Margaret Fuller's American Literature

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Born in 1810 in Cambridge, Massachusetts, Margaret Fuller could easily be considered as one of the greatest American authors today. Her work supported greatly the authentic American literature she constantly tried to help people understand and construct. Along with numerous essays including her feminist essay Women in the 19th Century in 1845 which tremendously helped in the depiction of women in her society at that time, Fuller wrote a short essay entitled “American Literature; Its Position in the Present Time, and Prospects for the Future” in 1846. This essay mainly revolves around Fuller’s point of view on American literature and whether it really does exist and how it impacts the country as a whole. The essay could simply be seen as a…show more content…
The essay starts out with a basic historical background of where American literature came from and how a literary work could not be labeled as American literature just because it is written by an American author. “For it does not follow because many books are written by persons born in America that there exists an American literature” (Fuller, 1846, p.17). For Fuller, it is not sufficient for an American author to write any kind of literary work and call it American literature. It is not that simple to just use British ways of writing and call it American literature just because the author is not British. The essay then swiftly proceeds to discuss the relationship between British literature, which is mostly used by authors universally, and American literature. “We use her language, and receive, in torrents, the influence of her thought, yet it is, in many respects, uncongenial and injurious to our constitution” (Fuller, 1846, p.18). Fuller is trying to show here how America is greatly influenced by Great Britain and how Americans use everything the British citizens created and use. She then proceeds to say that that does not help American but on the contrary, denies the citizens of the country to fully develop their motherland’s…show more content…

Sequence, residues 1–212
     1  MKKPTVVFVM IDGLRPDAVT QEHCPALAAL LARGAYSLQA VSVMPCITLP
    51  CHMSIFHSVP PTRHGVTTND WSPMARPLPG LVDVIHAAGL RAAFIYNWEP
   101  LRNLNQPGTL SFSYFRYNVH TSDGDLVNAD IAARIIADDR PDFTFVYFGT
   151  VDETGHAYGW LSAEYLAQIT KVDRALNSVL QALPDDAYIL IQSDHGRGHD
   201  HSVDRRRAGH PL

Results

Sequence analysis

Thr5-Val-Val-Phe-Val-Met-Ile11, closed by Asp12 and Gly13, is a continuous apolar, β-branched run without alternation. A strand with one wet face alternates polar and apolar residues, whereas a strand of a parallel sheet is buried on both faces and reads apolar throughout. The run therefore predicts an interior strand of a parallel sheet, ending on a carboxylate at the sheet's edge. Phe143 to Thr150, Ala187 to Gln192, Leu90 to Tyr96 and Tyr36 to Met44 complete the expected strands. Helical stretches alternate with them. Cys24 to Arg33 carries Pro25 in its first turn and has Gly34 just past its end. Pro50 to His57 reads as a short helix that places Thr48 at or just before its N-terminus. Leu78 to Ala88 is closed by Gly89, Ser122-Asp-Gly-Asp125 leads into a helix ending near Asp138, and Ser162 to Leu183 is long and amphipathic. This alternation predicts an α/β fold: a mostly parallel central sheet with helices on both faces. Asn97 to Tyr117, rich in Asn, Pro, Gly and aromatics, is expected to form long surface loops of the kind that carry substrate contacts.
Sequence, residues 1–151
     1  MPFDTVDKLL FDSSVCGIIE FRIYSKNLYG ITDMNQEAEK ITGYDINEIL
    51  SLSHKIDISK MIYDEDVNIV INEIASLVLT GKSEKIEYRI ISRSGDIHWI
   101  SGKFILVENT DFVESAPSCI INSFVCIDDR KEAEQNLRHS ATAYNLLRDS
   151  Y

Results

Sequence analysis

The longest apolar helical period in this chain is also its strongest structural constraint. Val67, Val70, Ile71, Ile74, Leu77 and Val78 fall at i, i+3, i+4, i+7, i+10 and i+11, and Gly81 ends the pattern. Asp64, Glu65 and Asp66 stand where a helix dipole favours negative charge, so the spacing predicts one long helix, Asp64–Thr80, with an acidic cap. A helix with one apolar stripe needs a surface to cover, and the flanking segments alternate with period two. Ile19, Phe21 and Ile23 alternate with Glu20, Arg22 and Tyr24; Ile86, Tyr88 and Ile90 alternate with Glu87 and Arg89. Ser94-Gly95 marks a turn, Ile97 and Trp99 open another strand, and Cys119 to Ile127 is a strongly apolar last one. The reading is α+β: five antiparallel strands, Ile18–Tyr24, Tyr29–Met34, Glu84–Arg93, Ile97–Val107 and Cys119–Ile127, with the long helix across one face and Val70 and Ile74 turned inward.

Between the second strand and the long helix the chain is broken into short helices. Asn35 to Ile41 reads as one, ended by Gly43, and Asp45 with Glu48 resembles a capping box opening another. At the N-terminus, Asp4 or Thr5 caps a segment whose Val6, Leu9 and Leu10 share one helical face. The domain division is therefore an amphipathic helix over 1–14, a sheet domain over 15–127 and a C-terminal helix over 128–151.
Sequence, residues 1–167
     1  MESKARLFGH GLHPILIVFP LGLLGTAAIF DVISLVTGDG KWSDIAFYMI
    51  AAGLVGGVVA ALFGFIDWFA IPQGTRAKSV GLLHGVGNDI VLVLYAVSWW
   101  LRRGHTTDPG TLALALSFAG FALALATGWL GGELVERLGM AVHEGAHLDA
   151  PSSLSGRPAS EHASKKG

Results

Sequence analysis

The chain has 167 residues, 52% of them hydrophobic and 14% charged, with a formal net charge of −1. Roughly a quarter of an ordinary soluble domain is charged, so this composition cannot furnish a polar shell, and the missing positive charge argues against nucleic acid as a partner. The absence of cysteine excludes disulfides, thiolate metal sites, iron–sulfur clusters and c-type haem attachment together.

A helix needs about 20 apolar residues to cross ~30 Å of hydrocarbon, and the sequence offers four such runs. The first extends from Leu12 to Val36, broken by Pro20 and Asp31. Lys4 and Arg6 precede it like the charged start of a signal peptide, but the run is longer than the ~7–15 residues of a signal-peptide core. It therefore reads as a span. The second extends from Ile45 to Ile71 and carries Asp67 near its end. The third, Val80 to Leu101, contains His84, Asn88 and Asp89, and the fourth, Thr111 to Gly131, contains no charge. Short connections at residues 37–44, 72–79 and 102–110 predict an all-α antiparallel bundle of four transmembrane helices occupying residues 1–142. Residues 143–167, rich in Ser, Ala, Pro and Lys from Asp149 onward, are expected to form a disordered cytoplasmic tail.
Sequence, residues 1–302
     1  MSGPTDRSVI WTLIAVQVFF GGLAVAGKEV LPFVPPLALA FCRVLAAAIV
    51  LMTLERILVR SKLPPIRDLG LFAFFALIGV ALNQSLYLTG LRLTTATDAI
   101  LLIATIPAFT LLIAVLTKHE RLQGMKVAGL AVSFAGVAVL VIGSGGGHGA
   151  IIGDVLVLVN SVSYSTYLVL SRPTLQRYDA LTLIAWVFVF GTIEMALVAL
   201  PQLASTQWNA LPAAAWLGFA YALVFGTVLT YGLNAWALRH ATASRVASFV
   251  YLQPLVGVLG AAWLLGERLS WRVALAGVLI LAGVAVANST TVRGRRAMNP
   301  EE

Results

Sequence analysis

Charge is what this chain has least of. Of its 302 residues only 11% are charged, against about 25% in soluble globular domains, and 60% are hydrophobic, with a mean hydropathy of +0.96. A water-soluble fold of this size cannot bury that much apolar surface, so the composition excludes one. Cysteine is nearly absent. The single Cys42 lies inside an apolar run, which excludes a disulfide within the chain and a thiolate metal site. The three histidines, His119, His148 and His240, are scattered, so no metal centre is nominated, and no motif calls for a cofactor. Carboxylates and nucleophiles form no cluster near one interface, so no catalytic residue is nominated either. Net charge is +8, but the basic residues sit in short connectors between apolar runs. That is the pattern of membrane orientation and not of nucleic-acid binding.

For that, Margaret Fuller adopts a simple and, at times, kind of sarcastic style to ease the complexity. She defines her ideas clearly and attempts to simplify them when too difficult. She uses everyday examples like the Magazine example, “This last is always slow death to a journal; its natural and only safe position is to lead; if, instead, it bows to the will of the multitude, it will find the ostracism of democracy far more dangerous than the worse censure of a tyranny could be” (Fuller, 1846, p.20). Here, Fuller is trying to explain how literary works are made to educate people and, in a way, lead, since the author is supposed to write what he or she believes is true. For Fuller, the journal and the writings die when they become media-driven, hence they are no longer considered good American literature if all the author things about is to make money and please his or her public. This complex idea is later followed by a simple spiritual example, “It is not half so dangerous to a man to be immured in a dungeon alone with God and his own clear conscience, as to walk the streets fearing the scrutiny of a thousand eyes, ready to veil, with anxious care, whatever may not suit the many-headed monster in its momentary mood” (Fuller, 1846, p.20). Fuller simplified her idea by
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